After the Sox came back and won in 2004, a drunken and menacing fan in a crowd in downtown Boston came up to Horan, who was in uniform. “Yankees suck,” the fan said. Horan grabbed him. “Who does he belong to? Either you take him or I’m taking him,” he said to the fan’s cohorts.
Horan’s three daughters are all Sox fans. His wife, who grew up in Boston, is, too. When the Sox swept the Cardinals in 2004, and won it all again in 2007 after the Yankees were being undone by the midges and the Indians in Cleveland, the teasing texts and cell-phone messages came faster than a Jim Rice line drive.
A standout Gaelic football player who lived in Ireland for most of his teenage years, Horan celebrates his Irish roots by playing the bagpipes in the police department band. He joined the force 13 years ago after working as a corrections officer. Danger is part of the job, though rarely in the third-base dugout.
Horan sees a difference in the Yankee-Red Sox rivalry now, in the aftermath of Boston’s two Series titles. There isn’t as much overt hostility, or coarseness, in the dialog between fans. It has always bothered Horan when he’d see some moron wearing a “Jeter s—-” T-shirt.
“When I was a kid and Carl Yastrzemski did something good in Yankee Stadium, you didn’t like it, but you clapped anyway,” Horan says. He wants to think the good fans are still inclined that way.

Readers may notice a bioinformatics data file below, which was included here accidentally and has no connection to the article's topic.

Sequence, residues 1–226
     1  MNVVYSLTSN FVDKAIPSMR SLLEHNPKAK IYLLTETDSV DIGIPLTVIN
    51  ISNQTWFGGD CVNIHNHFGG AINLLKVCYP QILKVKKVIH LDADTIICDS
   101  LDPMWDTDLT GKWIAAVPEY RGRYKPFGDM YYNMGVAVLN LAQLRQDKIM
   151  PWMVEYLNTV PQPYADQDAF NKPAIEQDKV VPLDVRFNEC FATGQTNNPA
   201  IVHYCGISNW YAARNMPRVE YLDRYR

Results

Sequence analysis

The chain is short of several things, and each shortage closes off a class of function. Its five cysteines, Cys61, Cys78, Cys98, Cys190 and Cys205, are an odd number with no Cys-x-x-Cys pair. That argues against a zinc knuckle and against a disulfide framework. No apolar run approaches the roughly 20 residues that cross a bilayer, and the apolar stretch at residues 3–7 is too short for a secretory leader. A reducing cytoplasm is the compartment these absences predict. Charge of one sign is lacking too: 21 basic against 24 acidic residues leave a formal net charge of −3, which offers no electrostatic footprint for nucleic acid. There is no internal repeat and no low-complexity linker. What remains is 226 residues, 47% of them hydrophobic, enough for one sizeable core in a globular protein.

When he’s in the Yankee dugout, a stone-faced man in blue, Horan is impressed with the way the Fenway crowd invariably stays to the end of the game, no matter the score. He likes that fans by the thousands don’t even want to leave once the game is over, preferring to hang around and take photos and soak up the history.
Horan grew up in a time when players didn’t flit from team to team, when guys would come into your life and your team, and stay awhile. He is a man who appreciates a connection to the past, who savors tradition. It is why he plays the bagpipes. It is why, living and working in Boston, he finds himself more drawn to the rivalry than ever before. It is, after all, something that endures, in a world where that quality is increasingly scarce.
The Harvard Hawker: Pearl HoughtelingStephen King‘s toes, Pearl Houghteling wrote a 15-page anthropology paper at Harvard about the authenticity of the Fenway Park experience. Like any good writer, she took on a topic she knows.
“I’ve been to a lot of games, but it is still a magical feeling when you step out of the dingy bowels of Fenway, and see that spectacular green field,” Houghteling says.